The VA charges up-front fees to match up to the costs of these programs and to make sure it remains sustainable for future years. The veteran will pay a “lump sum” which will vary according to the down-payment amount and the purpose of the loan. These fees are typically included in the loan, which won’t add to the money that is required to close your loan.
Funding Fees for A VA Home Purchase
|Service Type||Down Payment||First Time Use Fee||Subsequent Use Fee|
Active-Duty, National Guard, and Reserves
5% or More
10% or More
VA Loan Limits
There are no maximum amounts that home buyers can apply for when it comes to a VA loan. However, lenders often have their own limits. We will help you figure this out based upon your loan scenario.
What Types of Properties are Eligible?
The VA mortgages are typically flexible when it comes to the property types you can’t and can buy. You can use a VA loan to purchase a: condo, manufactured home, single family detached home, new construction home, four-unit, triplex, or duplex property.
Can You Purchase a Multi-Unit Home with a VA Loan?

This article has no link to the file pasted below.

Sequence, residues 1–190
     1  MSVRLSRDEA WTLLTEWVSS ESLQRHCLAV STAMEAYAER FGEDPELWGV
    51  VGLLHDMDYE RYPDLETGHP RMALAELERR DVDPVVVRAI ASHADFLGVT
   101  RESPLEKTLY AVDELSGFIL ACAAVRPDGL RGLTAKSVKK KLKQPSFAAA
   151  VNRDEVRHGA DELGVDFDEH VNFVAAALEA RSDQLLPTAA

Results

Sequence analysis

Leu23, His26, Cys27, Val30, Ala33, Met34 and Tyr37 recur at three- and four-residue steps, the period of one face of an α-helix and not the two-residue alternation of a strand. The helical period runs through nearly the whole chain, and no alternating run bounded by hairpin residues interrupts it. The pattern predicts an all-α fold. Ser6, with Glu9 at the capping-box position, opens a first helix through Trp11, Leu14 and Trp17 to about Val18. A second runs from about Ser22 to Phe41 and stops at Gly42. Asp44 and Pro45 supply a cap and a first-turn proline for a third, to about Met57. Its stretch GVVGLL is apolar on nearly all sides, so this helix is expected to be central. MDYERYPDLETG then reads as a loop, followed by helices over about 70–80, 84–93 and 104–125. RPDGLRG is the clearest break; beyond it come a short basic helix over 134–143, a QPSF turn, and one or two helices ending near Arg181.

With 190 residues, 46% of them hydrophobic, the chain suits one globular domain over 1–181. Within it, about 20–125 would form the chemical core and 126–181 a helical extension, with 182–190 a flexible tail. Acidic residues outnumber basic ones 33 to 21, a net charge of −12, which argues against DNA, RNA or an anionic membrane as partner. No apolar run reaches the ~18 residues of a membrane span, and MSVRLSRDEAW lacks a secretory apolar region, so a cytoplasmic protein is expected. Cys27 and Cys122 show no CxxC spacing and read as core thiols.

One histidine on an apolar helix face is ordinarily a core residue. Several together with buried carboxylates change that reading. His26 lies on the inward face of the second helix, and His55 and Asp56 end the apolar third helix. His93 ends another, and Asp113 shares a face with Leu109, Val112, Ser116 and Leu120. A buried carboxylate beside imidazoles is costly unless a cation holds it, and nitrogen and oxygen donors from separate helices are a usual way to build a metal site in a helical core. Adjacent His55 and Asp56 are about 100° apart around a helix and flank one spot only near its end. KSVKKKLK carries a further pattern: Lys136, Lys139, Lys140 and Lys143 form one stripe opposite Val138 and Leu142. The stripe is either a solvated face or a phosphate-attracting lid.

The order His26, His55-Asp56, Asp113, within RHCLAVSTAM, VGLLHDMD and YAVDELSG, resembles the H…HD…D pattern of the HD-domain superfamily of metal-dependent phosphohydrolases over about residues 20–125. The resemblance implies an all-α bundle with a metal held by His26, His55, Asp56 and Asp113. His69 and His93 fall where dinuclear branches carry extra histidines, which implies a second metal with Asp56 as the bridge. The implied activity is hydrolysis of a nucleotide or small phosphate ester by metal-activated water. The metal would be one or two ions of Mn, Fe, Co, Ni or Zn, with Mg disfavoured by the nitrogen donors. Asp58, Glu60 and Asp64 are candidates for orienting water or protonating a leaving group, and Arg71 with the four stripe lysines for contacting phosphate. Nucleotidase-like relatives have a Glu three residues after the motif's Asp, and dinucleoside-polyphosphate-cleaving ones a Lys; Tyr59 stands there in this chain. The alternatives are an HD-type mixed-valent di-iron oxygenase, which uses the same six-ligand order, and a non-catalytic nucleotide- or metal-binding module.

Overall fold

VA home loans permit borrowers to purchase a four-plex, triplex, or duplex property with 100% financing, provided the borrower lives in one of the units as a primary residence. Approval for the purchase of one of these property types does require more rigorous underwriting. We will walk you through the process, how it works, and underwriting requirements.
VA Loans for Second Homes
The federal regulations have put a limit on the loans that the Department of Veterans Affairs guarantees to only primary residences. A “primary residence” is defined as the property that you will reside in “most of the year”. In other words, if your residence is out-of-state and you live there for over 6 months a year, then this property, regardless of whether it is a retirement property or vacation home, is considered as your “official primary residence”.
VA Loans and Rental Properties
You are not allowed to use your VA loan to purchase rental properties. However, you can use your VA loan if you want to refinance a rental home that you once used as your primary residence. When it comes to buying a home, to secure your VA loan you need to certify or guarantee that you plan to occupy this property as your main residence. If you buy a four-unit, triplex, or duplex home, you are required to live in one of these units. Only then you will you be permitted to rent the rest of the units out.